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The Great Waltz (1938)

Passed | | Biography, Drama, Music | 4 November 1938 (USA)
In 1845 Vienna, Johann Strauss II - Schani to his friends - would rather write and perform waltzes than anything else, this at a time when a waltz is not considered proper society music. ... See full summary »

Directors:

, (uncredited) | 1 more credit »

Writers:

(original story), (screen play) | 1 more credit »
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Won 1 Oscar. Another 3 nominations. See more awards »
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Cast

Cast overview, first billed only:
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Johann Strauss (as Fernand Gravet)
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Count Hohenfried
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Kienzl
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Dudelman
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Cellist
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Mrs. Hofbauer
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Vogelhuber
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Mrs. Vogelhuber
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Dommayer
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Mrs. Strauss
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Storyline

In 1845 Vienna, Johann Strauss II - Schani to his friends - would rather write and perform waltzes than anything else, this at a time when a waltz is not considered proper society music. After he is fired from his clerical bank job because of his preoccupation with composing, he decides to follow his passion and form an orchestra. After some famed opera singers, including Carla Donner, hear his music, they expose Schani's music to the masses, to royalty and to music publisher Julius Hofbauer. As such, Schani becomes the toast of Vienna. With his new found musical fame, Schani's life, which includes his work in the European Revolutions, changes. He becomes torn for his love for his loving and faithful wife Poldi Vogelhuber and his more emotionally passionate but somewhat destructive love for Carla Donner, who herself is involved with Count Anton Hohenfried. Written by Huggo

Plot Summary | Plot Synopsis

Taglines:

Your beating heart,your pounding pulse will tell you it's the most exciting musical love story ever told!


Certificate:

Passed | See all certifications »
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Details

Country:

Language:

Release Date:

4 November 1938 (USA)  »

Also Known As:

The Life of Johann Strauss  »

Filming Locations:

 »

Company Credits

Production Co:

 »
Show detailed on  »

Technical Specs

Runtime:

Sound Mix:

(Western Electric Sound System)

Aspect Ratio:

1.37 : 1
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Did You Know?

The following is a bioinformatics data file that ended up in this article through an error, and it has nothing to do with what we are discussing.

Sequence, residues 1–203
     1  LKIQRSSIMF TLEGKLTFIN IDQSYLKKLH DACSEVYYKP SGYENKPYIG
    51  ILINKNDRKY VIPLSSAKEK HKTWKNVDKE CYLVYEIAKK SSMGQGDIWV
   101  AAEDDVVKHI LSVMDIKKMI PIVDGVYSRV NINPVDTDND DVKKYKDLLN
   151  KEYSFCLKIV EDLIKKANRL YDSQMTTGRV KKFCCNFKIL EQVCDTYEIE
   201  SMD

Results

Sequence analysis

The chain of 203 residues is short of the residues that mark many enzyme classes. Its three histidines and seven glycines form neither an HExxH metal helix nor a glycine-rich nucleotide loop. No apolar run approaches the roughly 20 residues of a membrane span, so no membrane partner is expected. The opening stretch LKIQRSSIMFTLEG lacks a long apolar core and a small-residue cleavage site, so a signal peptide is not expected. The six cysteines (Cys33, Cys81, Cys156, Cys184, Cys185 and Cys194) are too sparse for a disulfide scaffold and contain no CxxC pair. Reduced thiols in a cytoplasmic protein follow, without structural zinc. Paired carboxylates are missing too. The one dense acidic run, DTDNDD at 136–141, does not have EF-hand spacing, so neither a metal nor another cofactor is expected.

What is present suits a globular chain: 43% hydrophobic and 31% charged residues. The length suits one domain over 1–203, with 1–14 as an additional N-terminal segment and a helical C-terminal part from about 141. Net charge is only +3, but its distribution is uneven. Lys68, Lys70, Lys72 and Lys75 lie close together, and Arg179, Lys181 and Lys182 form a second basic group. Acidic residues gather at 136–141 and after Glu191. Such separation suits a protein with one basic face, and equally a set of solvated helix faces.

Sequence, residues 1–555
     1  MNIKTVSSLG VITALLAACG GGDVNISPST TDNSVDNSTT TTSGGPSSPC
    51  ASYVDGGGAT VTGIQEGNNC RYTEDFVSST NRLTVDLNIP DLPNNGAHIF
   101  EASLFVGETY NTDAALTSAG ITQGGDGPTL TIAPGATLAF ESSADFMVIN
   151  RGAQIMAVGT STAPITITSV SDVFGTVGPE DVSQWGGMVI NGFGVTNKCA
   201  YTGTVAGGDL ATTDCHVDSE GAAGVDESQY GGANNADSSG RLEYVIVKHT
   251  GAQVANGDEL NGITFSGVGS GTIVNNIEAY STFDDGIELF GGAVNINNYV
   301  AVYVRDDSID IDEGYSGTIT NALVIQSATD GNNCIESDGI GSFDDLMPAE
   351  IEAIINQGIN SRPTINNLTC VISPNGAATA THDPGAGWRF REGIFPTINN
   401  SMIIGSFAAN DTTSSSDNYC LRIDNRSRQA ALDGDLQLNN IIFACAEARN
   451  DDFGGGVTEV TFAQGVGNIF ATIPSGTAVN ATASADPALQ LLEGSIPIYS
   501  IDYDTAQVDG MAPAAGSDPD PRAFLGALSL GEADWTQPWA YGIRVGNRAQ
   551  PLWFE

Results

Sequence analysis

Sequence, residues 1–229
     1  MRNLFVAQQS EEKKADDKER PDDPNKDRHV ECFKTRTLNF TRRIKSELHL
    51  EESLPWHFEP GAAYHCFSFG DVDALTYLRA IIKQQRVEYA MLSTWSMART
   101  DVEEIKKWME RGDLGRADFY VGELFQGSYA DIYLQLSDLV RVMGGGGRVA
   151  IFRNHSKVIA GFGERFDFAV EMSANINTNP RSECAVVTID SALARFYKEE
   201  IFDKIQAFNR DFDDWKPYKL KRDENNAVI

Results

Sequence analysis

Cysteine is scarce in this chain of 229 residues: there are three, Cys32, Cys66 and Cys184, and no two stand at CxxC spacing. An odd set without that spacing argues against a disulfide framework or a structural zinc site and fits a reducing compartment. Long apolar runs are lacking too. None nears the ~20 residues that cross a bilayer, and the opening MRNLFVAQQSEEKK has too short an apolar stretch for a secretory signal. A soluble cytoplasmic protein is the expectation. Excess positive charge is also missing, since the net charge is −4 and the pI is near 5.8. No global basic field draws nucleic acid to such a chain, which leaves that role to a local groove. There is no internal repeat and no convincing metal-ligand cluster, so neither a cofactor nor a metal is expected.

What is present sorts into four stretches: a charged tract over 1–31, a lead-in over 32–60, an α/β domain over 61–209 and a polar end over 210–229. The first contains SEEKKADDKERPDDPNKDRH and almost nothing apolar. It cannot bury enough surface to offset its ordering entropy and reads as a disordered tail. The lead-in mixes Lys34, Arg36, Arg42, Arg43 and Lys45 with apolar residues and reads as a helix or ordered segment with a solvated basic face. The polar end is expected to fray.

Trivia

Toscha Seidel, the Russian virtuoso violinist, was hired especially to dub the solos on the soundtrack for Johann Strauss (Fernand Gravey) and began a new career working as a concert master at MGM and other studios. See more »

Quotes

Emperor Franz Josef: Tell me, is there still anything about me that annoys you?
See more »

Connections

Featured in MGM Parade: Episode #1.13 (1955) See more »

Soundtracks

Die Fledermaus (The Bat)
(1874) (uncredited)
Music by Johann Strauss
Lyrics by Oscar Hammerstein II
Sung at the opera by Miliza Korjus
See more »

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User Reviews

 
The Great Waltz is Wunderbar
2 January 2005 | by (Gulf Breeze, Florida) – See all my reviews

Perhaps the number one Hollywood musical film of all time. "Gorgeous Korjus" was coined and used by Louis B. Mayer to promote her film career, which understandably would be short. Not only is she gorgeous in GW but turns in an excellent acting performance which drew an academy award nomination. Her acting role rivals or exceeds consummate actress and two-time academy award winner, Luise Reiner. Displaying the temperament of a real primadonna, Miss Korjus turns on her good and bad sides when you least expect it. Vocal waltzes are extremely difficult to sing and Korjus with her coloratura soprano does admirably. Frenchman Fernand Gravet is believable as Strauss (as far as the film is believable) and ably supported by the likes of Lionel Atwill and Hugh Herbert along with many others, few of whom have a Teutonic accent, but we still have a romantic view of old Vienna. It is not a factual biography, which is stated at the beginning of the film, but there are elements of truth in the composite of Strauss the Elder and Strauss the younger as performed by Gravet (Strauss the Younger was a womanizer and while married actually had a liaison with an opera singer, among others). The Vienna Woods segment is pure joy. Strauss playing Tales from the Vienna Woods on his violin and Carla Donner singing in accompaniment's, their whirling dancing, ending up on the ground, where Strauss goes no further and wistfully admits "Carla, I'm married." The audience, I think, expects a tantrum from Donner at this revelation, but she gracefully takes it in stride and fools us once again with her unpredictability! This scene, to me, was the high point of an exceptional film of the type we shall never see again.


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